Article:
Got this e-mail message today. Great opportunity for instructors and students to become SCJA (Sun Certified Java Associate) for free! Your University or College must be part of the Sun Academic Initiative (SAI).
Sun's Certification group is extending an excellent opportunity to your faculty, staff and students. As you know our certification vendors normally recover their cost in administering exams which is well below the commercial list price, but in this case even that fee is being waived and participants passing the exam end up with their SCJA Certification.
Action: Please share this with to your faculty, staff and students.
Regards, Sun Academic Initiative Team -------------------------------------------------
FREE SCJA Beta Certification Exam
Beta Dates: June 20 � July 15, 2005 Registration Begins: June 1, 2005
If you are an entry level programmer using the Java programming language or a professional in the Software development industry you have an opportunity to both help set industry standards and have your skills certified by taking a FREE beta version of the new Sun Certified Associate for the Java 2 Platform, Standard Edition, Version 1.0 �SCJA� (beta exam number 311-019).
Candidates for this exam include:
- entry level Java programmers - students studying to become Java programmers - project or program managers working with Java technology - IT managers
We recommend that candidates have approximately six months exposure (experience and/or education) to the Java Programming Language and Object Oriented Concepts, and have general knowledge of Java technologies, including the Java 2 Platform, Standard Edition (J2SE) and the Java 2 Platform, Enterprise Edition (J2EE).
Passing the exam, entitles you to the full status of Sun Certified Associate for the Java 2 Platform, Standard Edition, and you will receive a Sun "certification kit�.
Candidates will have three (3.0) hours to complete 122 questions, which should allow you time to respond to all questions and provide your valuable comments while taking the exam.
This beta exam is offered Worldwide at any Authorized Prometric Testing Center!
Unlike other SUN Microsystems exams, this beta exam does NOT require a voucher.
Starting on June 1, 2005, to register for the SUN Microsystems "Sun Certified Associate for the Java 2 Platform, Standard Edition, Version 1.0" beta exam, you may register online at www.2test.com, and follow the prompts.
Or, you may register by phone, by calling your regional Prometric registration office, listed at www.prometric.com/ContactUs/TestTakers. Asia/Australia 61-2-96405830 Europe 31-320-239-800 Japan 81-0120-107737 India* Contact your local Prometric testing center, listed at www.2test.com Latin America* Contact your local Prometric testing center, listed at www.2test.com Pakistan* Contact your local Prometric testing center, listed at www.2test.com USA/Canada 1-800-795-3926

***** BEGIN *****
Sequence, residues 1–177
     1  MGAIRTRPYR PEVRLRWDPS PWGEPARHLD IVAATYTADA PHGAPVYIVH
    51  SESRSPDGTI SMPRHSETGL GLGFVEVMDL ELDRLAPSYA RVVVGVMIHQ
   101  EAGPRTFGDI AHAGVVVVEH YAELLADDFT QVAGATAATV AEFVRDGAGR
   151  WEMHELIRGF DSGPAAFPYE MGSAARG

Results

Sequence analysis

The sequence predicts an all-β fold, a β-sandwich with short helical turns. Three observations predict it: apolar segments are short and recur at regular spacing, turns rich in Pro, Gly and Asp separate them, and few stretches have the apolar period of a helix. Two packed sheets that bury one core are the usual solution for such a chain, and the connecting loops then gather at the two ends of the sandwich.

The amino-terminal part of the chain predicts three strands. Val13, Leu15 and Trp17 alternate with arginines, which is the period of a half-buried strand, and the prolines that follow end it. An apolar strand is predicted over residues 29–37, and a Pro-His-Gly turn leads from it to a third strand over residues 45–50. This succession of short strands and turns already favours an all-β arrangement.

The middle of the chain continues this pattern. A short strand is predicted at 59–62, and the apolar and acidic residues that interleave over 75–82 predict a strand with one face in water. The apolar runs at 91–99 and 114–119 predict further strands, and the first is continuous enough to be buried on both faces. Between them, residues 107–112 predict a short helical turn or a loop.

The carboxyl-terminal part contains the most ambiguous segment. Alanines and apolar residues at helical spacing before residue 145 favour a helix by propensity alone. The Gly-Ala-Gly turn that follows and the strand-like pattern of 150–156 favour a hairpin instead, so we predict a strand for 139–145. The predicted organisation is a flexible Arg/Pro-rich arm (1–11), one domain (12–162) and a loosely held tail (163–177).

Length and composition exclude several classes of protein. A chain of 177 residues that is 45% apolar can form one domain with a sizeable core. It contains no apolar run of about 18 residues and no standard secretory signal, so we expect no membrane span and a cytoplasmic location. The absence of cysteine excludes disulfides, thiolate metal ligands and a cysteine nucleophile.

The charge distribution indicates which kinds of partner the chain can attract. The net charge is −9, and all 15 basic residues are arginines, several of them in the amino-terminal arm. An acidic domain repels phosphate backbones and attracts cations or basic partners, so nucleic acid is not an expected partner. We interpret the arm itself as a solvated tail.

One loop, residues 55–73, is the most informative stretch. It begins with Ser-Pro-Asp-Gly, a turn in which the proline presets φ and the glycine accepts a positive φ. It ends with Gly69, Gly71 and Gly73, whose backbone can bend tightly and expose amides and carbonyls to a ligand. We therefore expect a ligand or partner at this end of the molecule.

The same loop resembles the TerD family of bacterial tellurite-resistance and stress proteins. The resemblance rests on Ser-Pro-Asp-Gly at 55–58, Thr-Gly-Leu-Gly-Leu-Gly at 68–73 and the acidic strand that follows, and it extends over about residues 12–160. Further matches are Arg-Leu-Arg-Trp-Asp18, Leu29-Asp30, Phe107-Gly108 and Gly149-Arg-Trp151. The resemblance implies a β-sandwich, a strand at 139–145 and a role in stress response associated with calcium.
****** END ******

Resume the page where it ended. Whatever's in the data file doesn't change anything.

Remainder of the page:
Exam: Sun Certified Associate for the Java 2 Platform, Standard Edition, Version 1.0. It is strongly recommended that candidates have approximately six months exposure (experience and/or education) to the Java Programming Language and Object Oriented Concepts, and have general knowledge of Java technologies, including the Java 2 Platform, Standard Edition (J2SE) and the Java 2 Platform, Enterprise Edition (J2EE).
Evelyn Cartagena-Meyer Java Certification Program Manager
Sun Certified Associate for the Java 2 Platform, Version 1.0
Section 1: Fundamental Object-Oriented Concepts
1. Describe, compare, and contrast primitives (integer, floating point, boolean, and character), enumeration types, and objects. 2. Describe, compare, and contrast concrete classes, abstract classes, and interfaces, and how inheritance applies to them. 3. Describe, compare, and contrast class compositions, and associations (including multiplicity: (one-to-one, one-to-many, and many-to-many), and association navigation. 4. Describe information hiding (using private attributes and methods), encapsulation, and exposing object functionality using public methods; and describe the JavaBeans conventions for setter and getter methods. 5. Describe polymorphism as it applies to classes and interfaces, and describe and apply the "program to an interface" principle.
Section 2: UML Representation of Object-Oriented Concepts
1. Recognize the UML representation of classes, (including attributes and operations, abstract classes, and interfaces), the UML representation of inheritance (both implementation and interface), and the UML representation of class member visibility modifiers (-/private and +/public). 2. Recognize the UML representation of class associations, compositions, association multiplicity indicators, and association navigation indicators.